The Washington Post is reporting today, based on "sources familiar with documents withheld from the public," that Justice had considered firing as many as 26 U.S. Attorneys. That's more than 1 in 4. Contrast that to Alberto Gonzales's sworn testimony last week that the spate of firings was limited to the 8 USAs the public already knows about. The news reveals not just more potential creepiness on the part of the DOJ, given that the 8 firings have been pretty compellingly shown to be a strong-arming attempt to force USAs to prosecute "voter fraud," which doesn't really exist. It also reveals a greater degree of incompetence in the department. Some of the most frequently listed attorneys were not among those ultimately fired, suggesting that the process wasn't especially systematic. The purge was "handled badly" not just because it was ultimately discovered, but in pretty much every way imaginable.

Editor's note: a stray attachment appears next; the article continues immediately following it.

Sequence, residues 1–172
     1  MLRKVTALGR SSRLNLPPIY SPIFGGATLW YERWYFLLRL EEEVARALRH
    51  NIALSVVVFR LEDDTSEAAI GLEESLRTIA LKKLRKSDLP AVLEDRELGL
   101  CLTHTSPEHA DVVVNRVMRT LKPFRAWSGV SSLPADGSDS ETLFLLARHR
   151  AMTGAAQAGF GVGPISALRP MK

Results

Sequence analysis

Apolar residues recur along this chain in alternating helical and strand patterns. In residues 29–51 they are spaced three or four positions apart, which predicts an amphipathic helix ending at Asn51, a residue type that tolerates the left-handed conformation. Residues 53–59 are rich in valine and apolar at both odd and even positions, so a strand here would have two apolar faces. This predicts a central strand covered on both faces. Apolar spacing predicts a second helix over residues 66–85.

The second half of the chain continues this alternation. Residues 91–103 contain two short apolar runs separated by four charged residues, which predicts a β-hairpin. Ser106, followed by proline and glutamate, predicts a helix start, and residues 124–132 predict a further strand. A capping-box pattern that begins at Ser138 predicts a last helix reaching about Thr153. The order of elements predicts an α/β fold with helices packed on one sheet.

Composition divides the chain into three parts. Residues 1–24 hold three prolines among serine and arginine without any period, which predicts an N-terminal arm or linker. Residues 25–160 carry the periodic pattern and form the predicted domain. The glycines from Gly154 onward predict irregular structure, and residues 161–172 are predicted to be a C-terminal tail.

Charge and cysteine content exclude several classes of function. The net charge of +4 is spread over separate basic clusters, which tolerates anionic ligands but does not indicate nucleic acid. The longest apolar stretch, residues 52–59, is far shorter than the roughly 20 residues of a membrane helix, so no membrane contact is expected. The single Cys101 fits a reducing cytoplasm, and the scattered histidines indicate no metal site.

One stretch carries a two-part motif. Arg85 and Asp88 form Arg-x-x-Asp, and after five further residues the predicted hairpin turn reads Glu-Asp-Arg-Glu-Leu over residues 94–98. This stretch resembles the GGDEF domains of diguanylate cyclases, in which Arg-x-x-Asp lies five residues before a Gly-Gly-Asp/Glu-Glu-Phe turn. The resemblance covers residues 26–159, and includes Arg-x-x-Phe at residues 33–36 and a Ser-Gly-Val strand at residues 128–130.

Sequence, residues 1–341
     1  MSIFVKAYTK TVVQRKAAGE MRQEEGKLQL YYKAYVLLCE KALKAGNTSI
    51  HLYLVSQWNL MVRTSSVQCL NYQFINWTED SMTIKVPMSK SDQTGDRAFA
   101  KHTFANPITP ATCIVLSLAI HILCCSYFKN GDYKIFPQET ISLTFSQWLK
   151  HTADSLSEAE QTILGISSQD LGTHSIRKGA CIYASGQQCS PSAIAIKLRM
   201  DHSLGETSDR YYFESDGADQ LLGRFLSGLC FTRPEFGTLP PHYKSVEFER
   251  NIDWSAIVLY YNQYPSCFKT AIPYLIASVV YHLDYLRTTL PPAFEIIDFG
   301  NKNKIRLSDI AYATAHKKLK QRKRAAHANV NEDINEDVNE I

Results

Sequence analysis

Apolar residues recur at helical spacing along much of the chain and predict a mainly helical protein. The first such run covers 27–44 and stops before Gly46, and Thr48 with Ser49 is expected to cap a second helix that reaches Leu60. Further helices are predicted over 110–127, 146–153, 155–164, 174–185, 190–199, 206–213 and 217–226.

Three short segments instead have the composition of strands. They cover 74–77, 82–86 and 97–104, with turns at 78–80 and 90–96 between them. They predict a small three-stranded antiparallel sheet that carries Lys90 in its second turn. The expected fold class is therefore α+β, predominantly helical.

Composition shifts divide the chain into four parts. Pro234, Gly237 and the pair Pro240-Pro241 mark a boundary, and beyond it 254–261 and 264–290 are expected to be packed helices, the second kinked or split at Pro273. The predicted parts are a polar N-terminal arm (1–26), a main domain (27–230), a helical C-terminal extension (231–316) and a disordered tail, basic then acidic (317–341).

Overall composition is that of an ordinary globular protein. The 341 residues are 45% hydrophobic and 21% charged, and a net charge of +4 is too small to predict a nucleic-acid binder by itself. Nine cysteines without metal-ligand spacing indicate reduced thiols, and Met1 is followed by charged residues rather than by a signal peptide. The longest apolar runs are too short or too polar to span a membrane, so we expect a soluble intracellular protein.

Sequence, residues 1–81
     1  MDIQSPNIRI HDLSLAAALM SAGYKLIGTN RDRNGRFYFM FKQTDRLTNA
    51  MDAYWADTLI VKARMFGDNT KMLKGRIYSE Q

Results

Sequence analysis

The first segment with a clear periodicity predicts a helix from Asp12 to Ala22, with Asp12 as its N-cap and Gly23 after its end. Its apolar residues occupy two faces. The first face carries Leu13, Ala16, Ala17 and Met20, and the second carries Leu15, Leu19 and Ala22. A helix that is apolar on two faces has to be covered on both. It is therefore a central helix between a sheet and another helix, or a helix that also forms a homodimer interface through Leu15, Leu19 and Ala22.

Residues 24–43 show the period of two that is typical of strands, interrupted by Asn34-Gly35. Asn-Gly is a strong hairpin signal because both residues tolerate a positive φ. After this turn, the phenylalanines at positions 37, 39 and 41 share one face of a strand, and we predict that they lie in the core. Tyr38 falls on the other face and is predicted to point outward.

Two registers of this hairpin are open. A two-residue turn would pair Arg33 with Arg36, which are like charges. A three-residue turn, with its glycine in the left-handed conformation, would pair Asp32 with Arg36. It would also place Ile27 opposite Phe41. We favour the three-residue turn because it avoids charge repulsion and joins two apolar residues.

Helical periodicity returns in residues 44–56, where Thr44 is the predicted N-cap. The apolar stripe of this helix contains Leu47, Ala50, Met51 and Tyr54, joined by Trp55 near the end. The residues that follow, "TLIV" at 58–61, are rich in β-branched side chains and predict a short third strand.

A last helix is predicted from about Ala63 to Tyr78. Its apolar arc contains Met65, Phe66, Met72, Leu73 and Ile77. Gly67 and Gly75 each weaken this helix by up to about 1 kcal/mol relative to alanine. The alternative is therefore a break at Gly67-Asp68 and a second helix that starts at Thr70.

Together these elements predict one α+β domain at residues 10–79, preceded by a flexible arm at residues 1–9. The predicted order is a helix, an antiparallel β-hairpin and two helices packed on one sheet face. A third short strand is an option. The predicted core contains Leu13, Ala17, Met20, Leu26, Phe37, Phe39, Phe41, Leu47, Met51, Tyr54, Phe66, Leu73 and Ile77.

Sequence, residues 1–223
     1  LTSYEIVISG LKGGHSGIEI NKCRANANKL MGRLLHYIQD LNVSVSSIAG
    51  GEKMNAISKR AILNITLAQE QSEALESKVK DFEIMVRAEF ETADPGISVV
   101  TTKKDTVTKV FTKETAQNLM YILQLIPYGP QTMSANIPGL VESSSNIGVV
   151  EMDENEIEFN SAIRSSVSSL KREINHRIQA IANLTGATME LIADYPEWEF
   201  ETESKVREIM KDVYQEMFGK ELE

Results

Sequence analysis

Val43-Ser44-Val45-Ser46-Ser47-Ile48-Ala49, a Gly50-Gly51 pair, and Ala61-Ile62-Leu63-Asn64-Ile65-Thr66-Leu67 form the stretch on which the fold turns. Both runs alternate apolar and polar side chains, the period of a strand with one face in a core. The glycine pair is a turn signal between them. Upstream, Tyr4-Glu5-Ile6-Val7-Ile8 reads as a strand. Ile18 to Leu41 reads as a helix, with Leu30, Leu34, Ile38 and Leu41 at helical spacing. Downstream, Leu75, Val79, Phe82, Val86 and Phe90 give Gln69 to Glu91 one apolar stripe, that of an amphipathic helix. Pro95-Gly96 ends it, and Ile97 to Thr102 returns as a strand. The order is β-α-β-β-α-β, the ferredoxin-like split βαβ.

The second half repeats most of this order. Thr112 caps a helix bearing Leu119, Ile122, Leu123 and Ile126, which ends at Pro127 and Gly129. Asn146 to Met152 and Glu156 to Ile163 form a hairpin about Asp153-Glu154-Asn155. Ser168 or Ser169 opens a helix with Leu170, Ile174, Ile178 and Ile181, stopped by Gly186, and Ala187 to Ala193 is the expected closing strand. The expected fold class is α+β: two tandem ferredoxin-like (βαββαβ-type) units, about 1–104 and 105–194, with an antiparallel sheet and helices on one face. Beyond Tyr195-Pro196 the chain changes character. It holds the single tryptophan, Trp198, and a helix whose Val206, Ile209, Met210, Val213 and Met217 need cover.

In one especially bizarre development, prosecutor Christopher J. Christie in New Jersey appeared on one list of names. Christie is a major GOP donor, who conducted a corruption probe into Democratic Sen. Robert Menendez's real estate dealings (D-N.J.) and is among that elite and teensy-tiny class of prosecutors who have gotten indictments in terrorism cases.